Leading iron ore company Fortescue Metals Group – controlled by billionaire Andrew “Twiggy” Forrest – has announced a zero “operational” emissions target by 2040, and pledged to support the Paris “well below” 2°C climate target – suggesting that the whole Australian economy should do the same.
Fortescue, which has already committed to using solar and battery storage to supply up to nearly one third of the power needs of its Pilbara iron ore mining operations, also flagged a portfolio of new investments in hydrogen, suggesting more wind and solar projects in the pipeline.
“Fortescue has a proud history of setting stretch targets and our 2030 emissions reduction commitment, together with our goal to achieve net zero operational emissions by 2040, positions Fortescue as a leader in addressing the global climate change challenge,” CEO Elisabeth Gaines said in a statement.
“Fortescue supports the Paris Agreement long-term goal of limiting global temperature rise to well below 2°C above pre-industrial levels, and our emissions reduction targets align with this international objective. Our success will be founded on practical initiatives that will allow us to deliver on our targets in an economically sustainable manner.”
Fortescue’s targets put it at odds with Australia’s federal government, which signed up to the Paris climate treaty in 2015, but has since tried to dodge the commitment of reaching zero emissions by 2050 which the “well below” 2°C target requires of most nations.
Australia has only committed to a cut of 26-28 per cent below 2005 levels by 2030, a weak target further diluted by its stated intention to use surplus Kyoto credits (a legacy of its even weaker Kyoto targets – Australia was allowed to actually increase emissions in the first Kyoto period), and will also depend on land use changes (2005 was deliberately chosen as a base because it was a year of high land use emissions).
Fortescue says it supports the United Nations Framework Convention on Climate Change (UNFCCC) which mandates that individual nations take responsibility for emissions within their own borders.
“The company will continue to actively engage with its customers and suppliers to encourage and facilitate the reduction of emissions in its value chain,” it says. That will no doubt introduce a major new dynamic into the political and business debate around climate and the clean energy transition.
Forrest has already emerged as a potential leader in the decarbonisation of Australia’s economy by joining software billionaire Mike Cannon-Brookes in backing the first stage of the ambitious Sun Cable plan to build the world’s biggest solar farm (10GW), the biggest battery (30GWh) and the longest sub sea cable (3,700kms) to deliver clean energy to Singapore and other south-east Asia customers.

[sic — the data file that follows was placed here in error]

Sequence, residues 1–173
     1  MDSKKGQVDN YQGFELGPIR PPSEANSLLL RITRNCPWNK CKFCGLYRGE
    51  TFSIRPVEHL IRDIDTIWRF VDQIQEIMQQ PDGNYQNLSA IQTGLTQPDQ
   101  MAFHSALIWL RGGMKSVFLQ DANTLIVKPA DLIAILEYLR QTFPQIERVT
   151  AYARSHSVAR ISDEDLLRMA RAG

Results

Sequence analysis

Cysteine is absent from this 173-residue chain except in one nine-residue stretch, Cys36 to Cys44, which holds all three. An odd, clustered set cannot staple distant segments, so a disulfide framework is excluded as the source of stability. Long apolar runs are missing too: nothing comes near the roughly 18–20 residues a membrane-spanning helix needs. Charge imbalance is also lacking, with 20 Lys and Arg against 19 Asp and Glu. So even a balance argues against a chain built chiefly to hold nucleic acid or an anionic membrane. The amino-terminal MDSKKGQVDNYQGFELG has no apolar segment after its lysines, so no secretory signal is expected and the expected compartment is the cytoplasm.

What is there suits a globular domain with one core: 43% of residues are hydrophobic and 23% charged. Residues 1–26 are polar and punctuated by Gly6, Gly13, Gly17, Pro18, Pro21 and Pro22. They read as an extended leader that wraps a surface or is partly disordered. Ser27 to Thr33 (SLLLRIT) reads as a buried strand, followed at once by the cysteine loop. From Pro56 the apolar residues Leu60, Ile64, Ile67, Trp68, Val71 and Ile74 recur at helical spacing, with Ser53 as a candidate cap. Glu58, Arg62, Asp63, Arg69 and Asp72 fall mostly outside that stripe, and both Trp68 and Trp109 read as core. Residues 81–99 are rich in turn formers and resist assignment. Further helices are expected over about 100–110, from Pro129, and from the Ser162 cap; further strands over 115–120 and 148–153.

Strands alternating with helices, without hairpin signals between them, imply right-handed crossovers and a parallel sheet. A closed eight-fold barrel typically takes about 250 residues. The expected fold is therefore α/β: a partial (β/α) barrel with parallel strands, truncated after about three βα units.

That commitment is believed to be in the “tens of millions” of dollar, with a final decision expected in 2023. Sun Cable has suggested that if the numbers line up for that project, it could be the first of many gigawatt scale renewable energy projects in Australia and overseas. Forrest’s private company also led the newly completed buyout of listed renewable energy developer Windlab.
In its own operations, Fortescue’s embrace of solar and battery technology has been well documented, at least by RenewEconomy.
A 60MW solar farm at Chichester is now being installed near the Cloudbreak and Christmas Creek mines, as flagged on this web-site in 2018 and confirmed by Fortescue in October, 2019, that will connect with the Mt Newman gas generator and 30MW/8MWh battery that already supplies the iron ore mine owned by Gina Rinehart.
Fortescue is also building a further 150MW solar plant, and a big battery, to go with a new 150MW gas fired power station to power two new iron ore projects that will be linked by the Pilbara Energy Connect program.
“Since October 2019, Fortescue and our partners have announced investments in excess of US$800 million in significant energy infrastructure projects which will increase our use of renewable energy and will be a key contributor to our pathway to achieve our emissions reduction targets,” Gaines said in the statement.
“The Chichester Solar Gas Hybrid Project, announced with Alinta Energy in October 2019, is well advanced for the installation of 60MW of solar generation. More recently, Fortescue announced the US$700 million investment in the Pilbara Energy Connect program which, together with the Chichester Solar Gas Hybrid Project, will deliver 25-30 per cent of our stationary energy requirements from solar power.”
Gaines said Fortescue was embracing the target of “carbon neutrality” with a “sense of urgency” and was also looking at decarbonising its mobile fleet through the “next phase of hydrogen and battery electric energy solutions.”
Fortescue recently appointed Rob Grant , a former head of renewable energy company Pacific Hydro, and head of the Clean Energy Investment Group, as its head of energy.
Fortescue says the new transmission line will support additional large scale renewable energy in the future.
“A portfolio of additional projects associated with hydrogen production, storage and use is under development to ensure that Fortescue is well positioned to meet the demand for hydrogen as both an export opportunity and to contribute to the decarbonisation of Fortescue’s operations.”